Economics is just about figuring out people, and what's a more interesting topic than people? You've been an Economist ever since you were a kid and figured out that when you start crying, your parents give you a cookie to shut up. All those weird vocab terms are ideas you figured in elementary school and actually understand so well, you just never realized they had names.
I've always been fascinated by looking for explanations of the world around me and when I was introduced to the Economic way of thinking in College at FSU (Go 'Noles), I knew I had found the perspective that worked best for me. I received both my Bachelor and Master degrees in International Affairs (which covers most of the social sciences like History, Geography, Anthroplogy, etc.) with a focus on Economics from there.
I've taught both on-campus and online to everyone from charter high school students who had been kicked out of every public school and were on their last chance to (literally) rocket scientists who were going for their business degrees so they could go into management.
When I'm not studying or tutoring in Economics, I spend a lot of my other time attending and helping produce live theatre.
I'm going to be talking to someone about Econ, anyways. Let's schedule a time and it could be you!
Education & Certification
Undergraduate Degree: Florida State University - Bachelors, International Affairs-Economics
Graduate Degree: Florida State University - Masters, International Affairs-Economics
Theatre, Animals, Outdoors
What is your teaching philosophy?
I believe many students know more than they think they do. I listen carefully to the questions students ask and fill in the blanks.
What might you do in a typical first session with a student?
I'll invite the student to share their current understanding and any fears and goals they have for the course. I would also layout a timeline for tests and assignment due dates to ensure I am helping the student prepare efficiently.
How can you help a student become an independent learner?
Many questions lead to their own answers, if they're asked correctly. By helping the student develop skills to focus on the questions they want answers to, I will also be helping them learn to find their own answers.
If a student has difficulty learning a skill or concept, what would you do?
In the case of a skill, I would break it into smaller steps. In the case of a concept, I would ensure understanding of the concepts 'around' it and then help the student go from the known to the unknown.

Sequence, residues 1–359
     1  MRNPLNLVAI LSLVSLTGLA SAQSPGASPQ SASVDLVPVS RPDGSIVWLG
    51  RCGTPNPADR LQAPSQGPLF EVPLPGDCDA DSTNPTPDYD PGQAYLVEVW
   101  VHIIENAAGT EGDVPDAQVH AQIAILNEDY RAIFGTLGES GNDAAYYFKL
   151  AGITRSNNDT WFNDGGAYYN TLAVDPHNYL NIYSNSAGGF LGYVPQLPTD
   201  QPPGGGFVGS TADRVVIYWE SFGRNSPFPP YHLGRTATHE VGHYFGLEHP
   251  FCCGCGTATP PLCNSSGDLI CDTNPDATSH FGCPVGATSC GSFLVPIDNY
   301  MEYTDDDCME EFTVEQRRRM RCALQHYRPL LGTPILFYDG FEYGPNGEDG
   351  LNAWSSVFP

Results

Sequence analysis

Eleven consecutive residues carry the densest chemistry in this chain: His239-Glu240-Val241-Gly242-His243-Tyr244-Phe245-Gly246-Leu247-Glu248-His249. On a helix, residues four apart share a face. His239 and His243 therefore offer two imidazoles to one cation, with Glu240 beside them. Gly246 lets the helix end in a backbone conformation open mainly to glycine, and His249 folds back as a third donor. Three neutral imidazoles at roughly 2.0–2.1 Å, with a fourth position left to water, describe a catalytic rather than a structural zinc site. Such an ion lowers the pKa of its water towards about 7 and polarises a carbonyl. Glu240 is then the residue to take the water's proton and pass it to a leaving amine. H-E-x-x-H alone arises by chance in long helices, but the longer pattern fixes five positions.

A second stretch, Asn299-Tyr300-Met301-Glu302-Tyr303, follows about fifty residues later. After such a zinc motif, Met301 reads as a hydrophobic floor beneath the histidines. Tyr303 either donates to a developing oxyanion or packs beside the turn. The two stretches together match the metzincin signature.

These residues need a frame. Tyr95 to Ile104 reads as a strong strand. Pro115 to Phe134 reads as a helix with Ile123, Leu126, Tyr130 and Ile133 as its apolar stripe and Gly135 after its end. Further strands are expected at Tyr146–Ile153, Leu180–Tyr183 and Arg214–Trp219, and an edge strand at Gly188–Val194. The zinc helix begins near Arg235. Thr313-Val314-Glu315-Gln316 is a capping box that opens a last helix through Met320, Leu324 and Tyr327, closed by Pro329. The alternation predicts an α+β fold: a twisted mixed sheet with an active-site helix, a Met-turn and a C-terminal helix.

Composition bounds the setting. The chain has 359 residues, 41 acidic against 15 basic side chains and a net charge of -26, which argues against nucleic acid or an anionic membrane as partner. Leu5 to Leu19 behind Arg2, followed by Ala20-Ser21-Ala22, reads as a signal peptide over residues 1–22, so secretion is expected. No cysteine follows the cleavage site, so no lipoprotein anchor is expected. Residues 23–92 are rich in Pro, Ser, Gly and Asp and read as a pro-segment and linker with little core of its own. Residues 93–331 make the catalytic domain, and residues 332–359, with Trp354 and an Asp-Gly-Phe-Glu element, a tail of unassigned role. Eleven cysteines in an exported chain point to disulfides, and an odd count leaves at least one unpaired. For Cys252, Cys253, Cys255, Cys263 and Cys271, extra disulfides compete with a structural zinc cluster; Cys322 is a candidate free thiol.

How do you help students who are struggling with reading comprehension?
There are quality video and audio resources out there explaining many of the concepts I will be tutoring. There are also good text-to-speech programs available.
What strategies have you found to be most successful when you start to work with a student?
Starting discussion from the student's areas of interest, knowledge, and comfort is a good way to lead into the topics to be covered.
How would you help a student get excited/engaged with a subject that they are struggling in?
I break concepts into smaller parts and build many small successes into mastery.
What techniques would you use to be sure that a student understands the material?
The best way to learn is to teach, so having the student explain as if addressing another student (ideally, actually having them help another student) is an excellent means of assessing understanding.
How do you build a student's confidence in a subject?
Consistent feedback focusing on current strengths and guiding toward further successes is key.
How do you evaluate a student's needs?
Awareness of course requirements is critical. I can ensure a student masters the material, but they also need to pass the class.
How do you adapt your tutoring to the student's needs?
Individual tutoring is the purest form of teaching in that it allows both parties to most fully connect and create a unique dynamic which melds their personal styles.
What types of materials do you typically use during a tutoring session?
This will vary by student needs. The course syllabus, assignments, and study guides are good starting points, but my mind and that of the student are the most powerful and flexible tools available to us.